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Ronald Montesano writes for GolfWRX.com from western New York. He dabbles in coaching golf and teaching Spanish, in addition to scribbling columns on all aspects of golf, from apparel to architecture, from equipment to travel. Follow Ronald on Twitter at @buffalogolfer.

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  1. Ronnie Mundt

    Jun 5, 2021 at 7:19 pm

    Lexi Thompson caught up in some Covid contact tracing. You heard it here first.

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5 things we learned Friday at the U.S. Women’s Open

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Here’s a bit of a primer on how we compose our 5 Things series during major championship weeks. Thursday’s review is Hopes and Dreams, as 54 holes remain, and it is always the day with the most surprising results. Friday’s recap is A Farewell to Thee, as we bide adieu to half the field. Still too early to truly understand who might win. Saturday, moving day to most, is Position Round for us. Players stake out an advantageous spot from which to attack on Sunday. Day four is Cauldron, when the tension bubbles like lava, and golfers make a name for themselves.

Thus, we find ourselves saying good-bye in this update, knowing that the hopes and dreams of many have been erased, but that they will rise again to compete in less than a week. The leaderboard is less compacted, thanks to Yuka Saso’s move to minus 6.

Let’s run down five important elements of the 2021 U.S. Women’s Open at the Olympic Club, as they will paint the background of the tournament canvas.

1. Farewell to thee

Defending champion A Lim Kim, current British Open champion Sophia Popov, world No. 4 Nelly Korda, and a spate of former champions (Wie West, Sung-hyun, Lang, Creamer, Eun-hee) will miss the weekend. All in all, that’s not a lot of big names. We’re in for a treat this weekend. Lots of short irons into elevated greens with plenty o’ tilt to them. Approach shots will dance and putts will fall. Simply put, the best golf on television this weekend.

2. Meg Thee Pairing

Tied for third position, a pair of shots behind the leader, are Megan Khang and amateur Megha Ganne, both from the USA. Megan Thee Khang added a minus-1 effort to her opening minus-3 with birdies at the first, 12th, and 17th holes. Megha Thee Ganne reached minus 6 after a 10-foot birdie putt at the wee seventh. A pair of back-nine bogeys dropped her back to where she began. She then finished birdie-par-bogey to gain a spot in the penultimate pairing.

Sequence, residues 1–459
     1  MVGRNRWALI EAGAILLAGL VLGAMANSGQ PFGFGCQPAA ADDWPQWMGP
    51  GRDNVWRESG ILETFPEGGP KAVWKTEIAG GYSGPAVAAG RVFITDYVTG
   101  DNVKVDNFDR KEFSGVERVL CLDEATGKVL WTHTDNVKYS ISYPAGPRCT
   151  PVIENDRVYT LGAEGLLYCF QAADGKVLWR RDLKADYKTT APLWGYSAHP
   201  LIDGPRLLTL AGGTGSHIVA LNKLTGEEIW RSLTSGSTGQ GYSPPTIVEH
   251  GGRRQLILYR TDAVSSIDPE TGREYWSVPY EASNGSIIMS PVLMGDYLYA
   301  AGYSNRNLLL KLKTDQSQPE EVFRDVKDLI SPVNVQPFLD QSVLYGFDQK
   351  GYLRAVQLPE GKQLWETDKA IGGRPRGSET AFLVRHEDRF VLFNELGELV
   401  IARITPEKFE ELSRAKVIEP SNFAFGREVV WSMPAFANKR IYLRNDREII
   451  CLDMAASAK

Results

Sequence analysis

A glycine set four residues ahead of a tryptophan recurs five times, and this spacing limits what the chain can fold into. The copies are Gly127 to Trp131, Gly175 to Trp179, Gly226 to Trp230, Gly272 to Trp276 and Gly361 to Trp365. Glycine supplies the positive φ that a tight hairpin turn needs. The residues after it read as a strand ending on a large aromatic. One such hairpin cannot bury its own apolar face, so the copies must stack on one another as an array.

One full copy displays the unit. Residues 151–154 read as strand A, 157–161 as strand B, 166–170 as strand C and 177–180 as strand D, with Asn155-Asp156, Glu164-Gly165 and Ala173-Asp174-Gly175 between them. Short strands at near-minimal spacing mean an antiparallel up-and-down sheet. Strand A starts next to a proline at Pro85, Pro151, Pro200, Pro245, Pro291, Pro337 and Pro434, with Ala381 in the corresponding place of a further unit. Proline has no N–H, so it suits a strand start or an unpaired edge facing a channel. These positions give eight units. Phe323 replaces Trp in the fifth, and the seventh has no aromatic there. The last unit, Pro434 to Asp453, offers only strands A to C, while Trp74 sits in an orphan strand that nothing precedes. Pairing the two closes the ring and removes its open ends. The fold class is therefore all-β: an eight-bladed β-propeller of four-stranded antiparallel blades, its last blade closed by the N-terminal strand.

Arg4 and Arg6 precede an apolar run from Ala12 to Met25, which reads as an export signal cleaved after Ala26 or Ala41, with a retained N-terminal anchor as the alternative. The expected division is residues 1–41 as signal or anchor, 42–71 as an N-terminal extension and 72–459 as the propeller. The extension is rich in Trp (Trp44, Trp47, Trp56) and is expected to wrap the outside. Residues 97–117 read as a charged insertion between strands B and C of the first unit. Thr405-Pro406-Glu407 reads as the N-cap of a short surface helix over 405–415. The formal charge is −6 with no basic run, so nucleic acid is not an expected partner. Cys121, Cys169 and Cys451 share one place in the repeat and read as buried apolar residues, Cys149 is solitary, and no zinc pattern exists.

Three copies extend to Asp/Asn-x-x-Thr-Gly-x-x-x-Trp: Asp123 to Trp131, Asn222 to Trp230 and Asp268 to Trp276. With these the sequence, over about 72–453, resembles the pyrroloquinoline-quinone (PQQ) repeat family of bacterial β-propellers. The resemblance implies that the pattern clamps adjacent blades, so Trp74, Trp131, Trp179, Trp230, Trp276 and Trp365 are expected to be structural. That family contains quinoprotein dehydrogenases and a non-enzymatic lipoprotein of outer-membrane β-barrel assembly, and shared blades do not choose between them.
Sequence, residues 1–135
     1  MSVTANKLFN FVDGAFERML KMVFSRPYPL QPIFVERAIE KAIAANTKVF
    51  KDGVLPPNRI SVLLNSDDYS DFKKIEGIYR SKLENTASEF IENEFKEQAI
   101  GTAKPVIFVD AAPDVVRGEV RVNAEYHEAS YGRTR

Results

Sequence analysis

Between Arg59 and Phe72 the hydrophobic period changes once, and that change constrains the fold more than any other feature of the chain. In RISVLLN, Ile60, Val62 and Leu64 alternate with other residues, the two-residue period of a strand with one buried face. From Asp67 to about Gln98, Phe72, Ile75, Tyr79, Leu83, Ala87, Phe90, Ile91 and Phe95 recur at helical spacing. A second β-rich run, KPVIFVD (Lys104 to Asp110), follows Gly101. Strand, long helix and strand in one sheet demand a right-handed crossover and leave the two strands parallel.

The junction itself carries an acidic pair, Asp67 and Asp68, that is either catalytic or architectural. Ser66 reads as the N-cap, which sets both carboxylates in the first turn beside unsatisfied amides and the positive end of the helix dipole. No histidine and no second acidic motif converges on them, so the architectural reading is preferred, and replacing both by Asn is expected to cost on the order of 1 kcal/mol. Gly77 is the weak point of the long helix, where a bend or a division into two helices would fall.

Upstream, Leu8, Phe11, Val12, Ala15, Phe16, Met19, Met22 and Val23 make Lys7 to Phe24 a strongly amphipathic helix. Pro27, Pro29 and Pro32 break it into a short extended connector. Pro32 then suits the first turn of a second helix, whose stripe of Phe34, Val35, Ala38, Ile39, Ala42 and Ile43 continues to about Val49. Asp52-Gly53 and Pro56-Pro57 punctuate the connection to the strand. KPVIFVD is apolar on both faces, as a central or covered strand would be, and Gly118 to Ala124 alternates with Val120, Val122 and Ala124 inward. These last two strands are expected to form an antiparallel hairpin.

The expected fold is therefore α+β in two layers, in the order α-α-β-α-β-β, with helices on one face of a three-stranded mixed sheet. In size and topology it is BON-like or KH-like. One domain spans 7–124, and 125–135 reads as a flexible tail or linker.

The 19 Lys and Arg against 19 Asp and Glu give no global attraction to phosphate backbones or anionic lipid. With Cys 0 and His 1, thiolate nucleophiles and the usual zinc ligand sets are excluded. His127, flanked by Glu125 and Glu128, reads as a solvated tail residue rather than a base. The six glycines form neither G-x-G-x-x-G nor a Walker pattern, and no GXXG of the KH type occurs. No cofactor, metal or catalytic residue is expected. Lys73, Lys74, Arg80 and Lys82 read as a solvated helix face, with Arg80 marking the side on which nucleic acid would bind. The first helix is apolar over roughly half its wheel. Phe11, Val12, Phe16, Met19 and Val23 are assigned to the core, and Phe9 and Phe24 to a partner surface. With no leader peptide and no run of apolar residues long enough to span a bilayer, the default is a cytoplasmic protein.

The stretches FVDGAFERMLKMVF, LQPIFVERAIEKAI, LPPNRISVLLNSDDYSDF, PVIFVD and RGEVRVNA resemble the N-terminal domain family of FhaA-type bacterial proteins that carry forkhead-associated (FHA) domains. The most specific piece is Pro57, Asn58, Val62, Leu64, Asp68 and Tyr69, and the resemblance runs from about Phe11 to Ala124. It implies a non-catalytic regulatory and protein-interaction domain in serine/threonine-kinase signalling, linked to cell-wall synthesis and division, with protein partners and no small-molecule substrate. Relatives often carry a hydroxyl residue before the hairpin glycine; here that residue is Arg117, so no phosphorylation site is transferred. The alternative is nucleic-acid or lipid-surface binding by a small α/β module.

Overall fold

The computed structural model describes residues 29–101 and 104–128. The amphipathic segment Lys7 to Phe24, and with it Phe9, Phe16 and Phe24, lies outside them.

Can a 17-year old amateur win? We say yes, but we’re not picking her. Can a 23-year old professional with no victories, win? Absolutely, but not our choice. It’s the U.S. Open, baby! It’s Open for just that reason.

3. Philippines Represent!

Yuka Saso won a pair of medals at the 2018 Asian Games. On Friday in San Francisco, the Filipina 19-year-old tossed a stellar 67, one shot off the day’s low round of 66. Saso had six birdies against a pair of bogeys and took a one-shot lead over former U.S. Open champion Jeongeun Lee6. Saso has 10 birdies through two rounds and will need to keep sizing her nest over the next two days in order to have a shot at the winner’s trophy. Birdie both days at the tricky 18th bodes well. Nothing like finishing strong for added confidence.

4. Classic courses suit her

In 2019, Jeongeun Lee6 won her only USA event at the Country Club of Charleston. The Seth Raynor course hosted the U.S. Open that year, and Lee6 won by two shots over a triumvirate of chasers. This year, Lee6 finds herself in the final pairing for round three, one stroke behind the leader. Olympic Club’s Lake Course is a William Watson design. Watson is not as well known as other Golden-Age architects (Colt, Raynor, Travis, Macdonald, MacKenzie, Ross, et al.) but his work is enviable and playable. Attempting to close her second round with four consecutive birdies, Lee6 left her putt for three at the last six inches short, in the jaws of the cup.

5. Who do we predict will win?

We’re still big on Lexi Thompson. She finished runner-up to JL6 in 2019 and lurks at 2-under, four off the lead. Lexi has made a pair of bogeys each day. She’ll need to up her birdie count to have a run at the title. What will determine her fortune? The putter, the one club that runs hot and cold for the 26-year old champion.